NLM Select List:
By Data Fields
Clicking on the search button in Luna displays what is called a select list. The bottom three terms: By keywords, By Data Fields, and Show All are system defaults. Search options listed about By Keywords are custom searches called Speed Searches. NLM has decided to offer both Subject keyword and Order number as speed searches.
Let’s look at how speed searches work more closely.
Searching Capabilities in Future IHM Interface: Speed Searches
Displays existing data
“List All” shows entire list
Enter starting letters of data to jump to that portion of data
Here I have selected the Rumsay speed search By State/Province. I have two options: I can either click on List All to see a list of all existing data in this field in the entire database, which is what I have done here, or I can enter a few letters of a term and I will be given just the list of existing data that begin with those letters. From the drop down window I can then select the term I want to search on. For patrons who aren’t familiar with MeSH, this feature will be very helpful for subject searching in the future IHM.
Searching Capabilities in Future IHM Interface: By Data Field
By Data Field:
Supports Boolean operators and truncation.
Search multiple data fields.
The next type of searching I want to show is by data field. When I click on search by data field, I am presented with a list of labels for every field in the data base. In this image I have selected Author and am being asked to supply a relation for my search term or “Value”. Relations are equals, does not equal, contains, etc. After I specify a relation, I can enter my value or search term. Then I will have the option to enter a Boolean operator and search additional fields at the same time.
This type of complex searching is much more useful for our scholars, who will soon be able to search every single field in the database in a variety of ways.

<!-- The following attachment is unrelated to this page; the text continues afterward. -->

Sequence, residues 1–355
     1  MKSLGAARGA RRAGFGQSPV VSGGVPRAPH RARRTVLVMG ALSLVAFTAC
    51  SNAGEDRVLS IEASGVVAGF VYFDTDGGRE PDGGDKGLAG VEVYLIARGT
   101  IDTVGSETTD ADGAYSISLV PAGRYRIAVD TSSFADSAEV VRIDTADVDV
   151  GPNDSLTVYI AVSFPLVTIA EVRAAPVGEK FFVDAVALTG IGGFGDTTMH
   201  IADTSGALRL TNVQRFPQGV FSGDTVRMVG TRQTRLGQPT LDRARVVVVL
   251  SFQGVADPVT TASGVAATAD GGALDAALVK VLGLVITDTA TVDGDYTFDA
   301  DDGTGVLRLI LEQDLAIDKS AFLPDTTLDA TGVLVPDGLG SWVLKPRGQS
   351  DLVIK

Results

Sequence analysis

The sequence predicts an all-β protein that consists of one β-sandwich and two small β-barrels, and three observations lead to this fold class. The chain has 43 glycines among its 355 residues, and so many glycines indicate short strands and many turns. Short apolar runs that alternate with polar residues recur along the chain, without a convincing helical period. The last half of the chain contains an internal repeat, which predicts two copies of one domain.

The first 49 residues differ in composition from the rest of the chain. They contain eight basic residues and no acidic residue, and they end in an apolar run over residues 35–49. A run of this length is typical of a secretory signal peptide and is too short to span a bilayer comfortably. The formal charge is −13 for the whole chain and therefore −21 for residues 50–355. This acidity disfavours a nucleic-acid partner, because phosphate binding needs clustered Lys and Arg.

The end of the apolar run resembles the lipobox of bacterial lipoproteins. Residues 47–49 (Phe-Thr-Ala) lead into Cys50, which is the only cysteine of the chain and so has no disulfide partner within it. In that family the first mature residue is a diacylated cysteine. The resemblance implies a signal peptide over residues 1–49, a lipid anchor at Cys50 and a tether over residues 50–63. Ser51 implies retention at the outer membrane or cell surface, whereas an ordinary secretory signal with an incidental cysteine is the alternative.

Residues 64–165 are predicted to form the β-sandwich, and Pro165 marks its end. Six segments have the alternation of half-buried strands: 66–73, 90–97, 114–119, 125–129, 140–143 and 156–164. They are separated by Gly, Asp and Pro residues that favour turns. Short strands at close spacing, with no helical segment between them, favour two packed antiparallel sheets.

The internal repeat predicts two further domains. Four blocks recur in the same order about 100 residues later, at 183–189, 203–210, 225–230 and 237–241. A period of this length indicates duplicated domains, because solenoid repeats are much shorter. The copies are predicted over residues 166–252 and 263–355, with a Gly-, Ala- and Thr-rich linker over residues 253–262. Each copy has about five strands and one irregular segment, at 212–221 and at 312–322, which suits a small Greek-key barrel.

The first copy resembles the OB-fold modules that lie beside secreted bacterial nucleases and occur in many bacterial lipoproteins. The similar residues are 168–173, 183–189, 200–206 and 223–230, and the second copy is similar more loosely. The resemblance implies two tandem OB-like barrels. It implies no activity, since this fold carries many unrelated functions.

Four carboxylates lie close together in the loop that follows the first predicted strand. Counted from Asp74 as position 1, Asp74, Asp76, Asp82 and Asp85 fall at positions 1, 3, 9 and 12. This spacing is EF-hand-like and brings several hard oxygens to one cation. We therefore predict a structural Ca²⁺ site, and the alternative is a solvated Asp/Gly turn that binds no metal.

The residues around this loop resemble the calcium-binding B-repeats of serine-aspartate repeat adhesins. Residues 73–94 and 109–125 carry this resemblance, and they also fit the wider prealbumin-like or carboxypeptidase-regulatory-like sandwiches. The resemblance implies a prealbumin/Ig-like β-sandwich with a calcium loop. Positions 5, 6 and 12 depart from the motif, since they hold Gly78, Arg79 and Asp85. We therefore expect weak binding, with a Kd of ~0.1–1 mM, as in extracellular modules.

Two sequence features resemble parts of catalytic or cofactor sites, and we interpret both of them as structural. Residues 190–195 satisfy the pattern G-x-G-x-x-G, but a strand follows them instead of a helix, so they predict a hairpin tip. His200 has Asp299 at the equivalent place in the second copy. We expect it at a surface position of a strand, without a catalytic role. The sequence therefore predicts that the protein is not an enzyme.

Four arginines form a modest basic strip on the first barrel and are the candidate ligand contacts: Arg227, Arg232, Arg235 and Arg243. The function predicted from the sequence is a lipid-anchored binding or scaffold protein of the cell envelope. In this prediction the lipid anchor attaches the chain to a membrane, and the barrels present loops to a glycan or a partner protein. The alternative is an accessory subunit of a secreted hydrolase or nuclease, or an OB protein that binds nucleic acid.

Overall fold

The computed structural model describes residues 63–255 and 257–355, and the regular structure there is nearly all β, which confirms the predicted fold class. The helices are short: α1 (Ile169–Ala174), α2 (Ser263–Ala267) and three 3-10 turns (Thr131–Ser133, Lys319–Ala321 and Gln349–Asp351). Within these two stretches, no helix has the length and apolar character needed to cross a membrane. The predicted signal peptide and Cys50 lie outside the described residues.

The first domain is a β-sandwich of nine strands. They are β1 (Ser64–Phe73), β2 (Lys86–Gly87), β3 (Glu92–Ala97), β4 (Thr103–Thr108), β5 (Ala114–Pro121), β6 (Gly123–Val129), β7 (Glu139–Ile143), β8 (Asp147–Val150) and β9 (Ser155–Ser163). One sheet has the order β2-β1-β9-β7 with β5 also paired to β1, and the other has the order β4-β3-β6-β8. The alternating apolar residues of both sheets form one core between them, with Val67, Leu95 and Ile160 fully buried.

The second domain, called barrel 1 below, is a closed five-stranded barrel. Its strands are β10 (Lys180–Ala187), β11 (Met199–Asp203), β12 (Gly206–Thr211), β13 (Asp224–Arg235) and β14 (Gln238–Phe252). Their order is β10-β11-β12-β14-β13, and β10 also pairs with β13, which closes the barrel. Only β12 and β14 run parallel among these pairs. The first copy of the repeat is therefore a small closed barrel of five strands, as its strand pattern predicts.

Basic sort capabilities
Ability to sort on a variety of fields
Now, let’s look at Sorting.
Patrons want to be able to do simple sorts that are common in databases today, like alphabetical by title or author and chronological sorts by date. They may also desire to sort on other fields, like language or place of publication.
Sorting Options in Current IHM Interface
IN the current Ihm, there are no sort options. Worse yet, the records only display in the order that they were added to the database. There is no useful organization to a retrieval set at all.
Sorting Capabilities in Future IHM Interface
NLM Default Sort:
The Luna interface is at the opposite end of the spectrum. Not only can NLM designate a default sort, but the patron can actually go in and customize the retrieval set sort on any field in the database and do subsorting on upto 4 different fields.
NLM has decided that its default sort will be Title, Date, Subject, and Publisher. Let me be clear that I’m talking about how the images will display here, not how the data is displayed in the thumbnail captions. I’ll talk about those in a moment.
Data: Want to see details of interest
Image: Need to see it and be able to manipulate it
Zooming. Patrons want to see details of interest in both the bibliographic data and in the image. They want to be able to manipulate the image, to shrink it, enlarge it, scroll across it, and compare different segments.
First, let’s compare the data views in the current and future interfaces.